The exhibition has been extended through 24 January 2016
Information from the museum
Brothels, orgies, beggars and quackery: ‘From Bosch to Bruegel’, the museum’s major exhibition for the autumn of 2015, presents paintings and prints that make a mockery of respectability. This is the first exhibition ever devoted to this theme with masterpieces from the late Middle Ages.
Welcome to a world of lecherous pensioners, randy monks, vomiting peasants, penniless beggars, fraudulent dentists, avaricious tax collectors and fools. The exhibition ‘From Bosch to Bruegel’ brings together ‘politically incorrect’ paintings and prints of the highest standard. Approximately forty sixteenth-century paintings and a similar number of prints will be brought to Rotterdam from important museums and private collections. In the autumn of 2015 Museum Boijmans Van Beuningen presents the first ever exhibition devoted to sixteenth-century genre scenes, a radical departure from the traditions of religious art and portraiture. Everyday life provided a new source of inspiration. In addition to paintings and prints, the exhibition will include manuscripts and other objects. Curators Peter van der Coelen and Friso Lammertse are in agreement: “You can’t look at Bruegel without a least a smile on your face. And that was true for his contemporaries too.”
Dream come true
For Museum Boijmans Van Beuningen, the exhibition is a dream come true. Lammertse: “Any exhibition with works by Pieter Bruegel the Elder poses huge challenges. His oeuvre is extremely small and museums hardly ever lend their fragile panel paintings. Museum Boijmans Van Beuningen has four paintings by Hieronymus Bosch and a panel by Pieter Bruegel the Elder in its collection. We have already secured a loan of another Bruegel, which is an important step towards realising this exhibition, which will also include masterpieces by Quinten Massys, Lucas van Leyden, Pieter Aertsen, Jan Sanders van Hemessen and Marten van Cleve.
For centuries, panel paintings depicted only religious scenes or portraits. Around 1500, however, there was a remarkable change: painters began to turn their attention to scenes of everyday life. But their choice of subject matter was highly selective. Rather than depicting pious, hardworking citizens, they painted quack surgeons, drunkards and beggars. Most scenes are satirical, with visual jokes about sex, miserliness and alcoholism: subjects that still resonate today. Even if there is a clear moral lesson, comedy always dominates. Yet the quality of these works is extremely high; they are among the masterpieces of early painting. Bosch, Bruegel and lesser-known painters such as Jan Sanders van Hemessen were true masters with virtuoso technique.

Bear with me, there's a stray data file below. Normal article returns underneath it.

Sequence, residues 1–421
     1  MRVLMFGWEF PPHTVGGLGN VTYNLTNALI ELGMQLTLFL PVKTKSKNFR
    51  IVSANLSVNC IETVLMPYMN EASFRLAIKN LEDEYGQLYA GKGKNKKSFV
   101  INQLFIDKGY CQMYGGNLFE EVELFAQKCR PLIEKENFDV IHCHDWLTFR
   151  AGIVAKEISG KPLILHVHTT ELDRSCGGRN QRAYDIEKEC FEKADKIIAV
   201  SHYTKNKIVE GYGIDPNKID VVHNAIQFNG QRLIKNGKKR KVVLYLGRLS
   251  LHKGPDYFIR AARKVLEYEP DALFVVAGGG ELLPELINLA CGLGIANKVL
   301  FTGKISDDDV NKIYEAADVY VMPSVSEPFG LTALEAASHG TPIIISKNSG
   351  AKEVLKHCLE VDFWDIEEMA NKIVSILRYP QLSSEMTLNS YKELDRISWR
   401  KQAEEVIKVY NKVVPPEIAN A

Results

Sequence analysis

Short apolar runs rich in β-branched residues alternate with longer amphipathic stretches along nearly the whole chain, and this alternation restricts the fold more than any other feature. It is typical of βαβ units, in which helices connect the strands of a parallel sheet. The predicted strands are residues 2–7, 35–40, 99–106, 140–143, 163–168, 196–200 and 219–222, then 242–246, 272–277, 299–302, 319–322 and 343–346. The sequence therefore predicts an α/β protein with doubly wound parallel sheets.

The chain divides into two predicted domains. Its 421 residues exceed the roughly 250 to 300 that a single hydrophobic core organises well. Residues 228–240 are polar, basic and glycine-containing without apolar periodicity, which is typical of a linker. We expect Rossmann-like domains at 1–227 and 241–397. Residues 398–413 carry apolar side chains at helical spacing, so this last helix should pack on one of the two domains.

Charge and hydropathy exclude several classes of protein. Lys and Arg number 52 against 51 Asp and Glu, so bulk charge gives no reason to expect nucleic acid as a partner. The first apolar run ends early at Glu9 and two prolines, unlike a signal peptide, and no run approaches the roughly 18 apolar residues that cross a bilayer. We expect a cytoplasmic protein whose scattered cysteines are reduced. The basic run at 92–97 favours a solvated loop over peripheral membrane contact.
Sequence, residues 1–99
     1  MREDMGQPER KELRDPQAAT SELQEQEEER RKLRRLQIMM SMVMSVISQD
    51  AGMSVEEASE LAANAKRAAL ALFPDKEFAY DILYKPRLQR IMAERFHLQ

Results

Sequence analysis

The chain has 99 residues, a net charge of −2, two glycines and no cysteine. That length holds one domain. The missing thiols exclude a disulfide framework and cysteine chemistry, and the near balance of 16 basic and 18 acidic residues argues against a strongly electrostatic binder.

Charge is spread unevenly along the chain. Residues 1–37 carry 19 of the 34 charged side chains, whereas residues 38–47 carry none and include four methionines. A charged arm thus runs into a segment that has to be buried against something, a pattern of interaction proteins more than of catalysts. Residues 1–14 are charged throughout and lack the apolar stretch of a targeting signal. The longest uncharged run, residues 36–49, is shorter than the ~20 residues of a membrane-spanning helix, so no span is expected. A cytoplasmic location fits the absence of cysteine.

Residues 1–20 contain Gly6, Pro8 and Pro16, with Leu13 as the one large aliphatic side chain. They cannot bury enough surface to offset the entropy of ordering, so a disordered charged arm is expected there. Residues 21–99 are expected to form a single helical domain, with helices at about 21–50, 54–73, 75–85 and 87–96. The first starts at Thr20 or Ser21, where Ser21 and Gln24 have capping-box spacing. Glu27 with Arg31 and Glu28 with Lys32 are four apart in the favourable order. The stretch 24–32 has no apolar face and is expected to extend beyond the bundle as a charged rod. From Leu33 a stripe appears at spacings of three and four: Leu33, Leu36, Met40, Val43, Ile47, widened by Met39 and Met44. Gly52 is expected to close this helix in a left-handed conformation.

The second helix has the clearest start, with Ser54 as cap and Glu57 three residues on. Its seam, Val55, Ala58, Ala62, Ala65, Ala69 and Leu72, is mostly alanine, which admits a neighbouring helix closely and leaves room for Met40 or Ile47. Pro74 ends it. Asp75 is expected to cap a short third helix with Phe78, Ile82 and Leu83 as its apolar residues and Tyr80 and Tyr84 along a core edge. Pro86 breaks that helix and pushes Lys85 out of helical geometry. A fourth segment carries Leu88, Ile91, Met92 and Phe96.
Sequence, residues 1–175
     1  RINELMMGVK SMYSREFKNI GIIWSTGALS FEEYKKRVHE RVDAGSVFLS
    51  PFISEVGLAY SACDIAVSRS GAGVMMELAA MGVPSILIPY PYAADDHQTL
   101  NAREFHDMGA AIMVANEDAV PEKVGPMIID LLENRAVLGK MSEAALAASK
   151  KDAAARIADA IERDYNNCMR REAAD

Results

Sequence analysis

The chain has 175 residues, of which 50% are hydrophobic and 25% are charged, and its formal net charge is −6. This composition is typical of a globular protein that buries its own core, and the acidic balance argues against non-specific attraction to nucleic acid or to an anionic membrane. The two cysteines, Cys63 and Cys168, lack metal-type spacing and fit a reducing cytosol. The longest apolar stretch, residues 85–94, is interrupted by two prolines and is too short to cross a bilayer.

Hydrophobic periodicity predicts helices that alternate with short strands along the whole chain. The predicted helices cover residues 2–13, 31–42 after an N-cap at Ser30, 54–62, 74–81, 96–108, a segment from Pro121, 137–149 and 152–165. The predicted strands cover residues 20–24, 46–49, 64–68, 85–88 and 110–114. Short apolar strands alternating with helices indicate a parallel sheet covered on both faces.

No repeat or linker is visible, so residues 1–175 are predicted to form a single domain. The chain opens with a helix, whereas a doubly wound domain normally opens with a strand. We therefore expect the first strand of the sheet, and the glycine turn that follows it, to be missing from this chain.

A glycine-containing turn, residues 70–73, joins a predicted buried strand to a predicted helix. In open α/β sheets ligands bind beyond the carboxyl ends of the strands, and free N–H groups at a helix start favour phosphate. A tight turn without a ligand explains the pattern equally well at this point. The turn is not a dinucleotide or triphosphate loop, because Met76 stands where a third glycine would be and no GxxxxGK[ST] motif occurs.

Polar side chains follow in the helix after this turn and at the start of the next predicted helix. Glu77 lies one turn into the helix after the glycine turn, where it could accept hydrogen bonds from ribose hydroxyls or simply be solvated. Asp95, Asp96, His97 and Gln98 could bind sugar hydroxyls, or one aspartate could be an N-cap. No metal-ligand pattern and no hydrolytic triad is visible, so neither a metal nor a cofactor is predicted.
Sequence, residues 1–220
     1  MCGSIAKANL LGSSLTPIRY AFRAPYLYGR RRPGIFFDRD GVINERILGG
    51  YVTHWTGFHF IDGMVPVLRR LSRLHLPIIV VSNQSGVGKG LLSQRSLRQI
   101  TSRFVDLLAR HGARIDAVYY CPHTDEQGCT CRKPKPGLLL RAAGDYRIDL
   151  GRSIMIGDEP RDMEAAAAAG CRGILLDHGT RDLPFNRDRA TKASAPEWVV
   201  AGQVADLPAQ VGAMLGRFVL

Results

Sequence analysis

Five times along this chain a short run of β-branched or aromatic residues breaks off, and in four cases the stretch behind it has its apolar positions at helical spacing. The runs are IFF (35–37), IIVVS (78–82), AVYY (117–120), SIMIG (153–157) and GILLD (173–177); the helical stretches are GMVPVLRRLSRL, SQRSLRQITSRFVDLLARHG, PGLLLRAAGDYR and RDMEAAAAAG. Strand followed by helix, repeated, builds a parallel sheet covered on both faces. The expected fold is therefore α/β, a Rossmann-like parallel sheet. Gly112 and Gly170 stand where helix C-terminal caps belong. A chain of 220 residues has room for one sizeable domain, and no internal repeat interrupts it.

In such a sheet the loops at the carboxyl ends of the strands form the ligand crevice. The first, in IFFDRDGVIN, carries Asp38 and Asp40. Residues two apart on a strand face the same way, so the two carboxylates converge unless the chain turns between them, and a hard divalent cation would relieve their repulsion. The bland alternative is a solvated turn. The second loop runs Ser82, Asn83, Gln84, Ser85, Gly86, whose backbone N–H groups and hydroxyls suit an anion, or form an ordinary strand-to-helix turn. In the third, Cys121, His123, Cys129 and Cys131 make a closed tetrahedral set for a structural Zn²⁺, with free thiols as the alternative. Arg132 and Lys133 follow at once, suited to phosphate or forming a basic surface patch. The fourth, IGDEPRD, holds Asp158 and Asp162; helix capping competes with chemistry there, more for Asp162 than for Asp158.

Pioneers of genre painting
Hieronymus Bosch is the first artist who we know painted scenes of this kind, though only a few have survived. ‘The Pedlar’ in the collection of Museum Boijmans Van Beuningen is the most famous, showing a vagabond with a brothel in the background. Lucas van Leyden was the other pioneer of genre painting, with depictions of fortune-tellers and people playing cards or chess. Quinten Massys skilfully painted love and money (read: lust and greed). Jan Massys, Jan Sanders van Hemessen, Marinus van Reymerswaele, Jan Provoost, Ambrosius Benson and the anonymous Brunswick Monogrammist followed in their footsteps. Pieter Aertsen painted peasants eating and drinking even before Pieter Bruegel, whose scenes of peasant feasts and musicians are among the highpoints of European art history. Bruegel’s works conclude the exhibition and also the period of the pioneers of genre painting.
The work of the seventeenth-century Dutch genre painters is well documented and frequently exhibited. These artists based their works primarily on examples by their sixteenth-century predecessors. Strangely enough, the pioneering work from the early period from Bosch to Bruegel remains relatively unknown. The exhibition ‘Images of Erasmus’ in 2008 focussed on the contribution of the generation of Bosch, Lucas van Leyden and Massys in the section ‘In Praise of Folly’. This major survey next autumn is the museum’s long-awaited follow-up. It will be accompanied by a richly illustrated catalogue and an extensive programme of lectures and activities for young and old alike.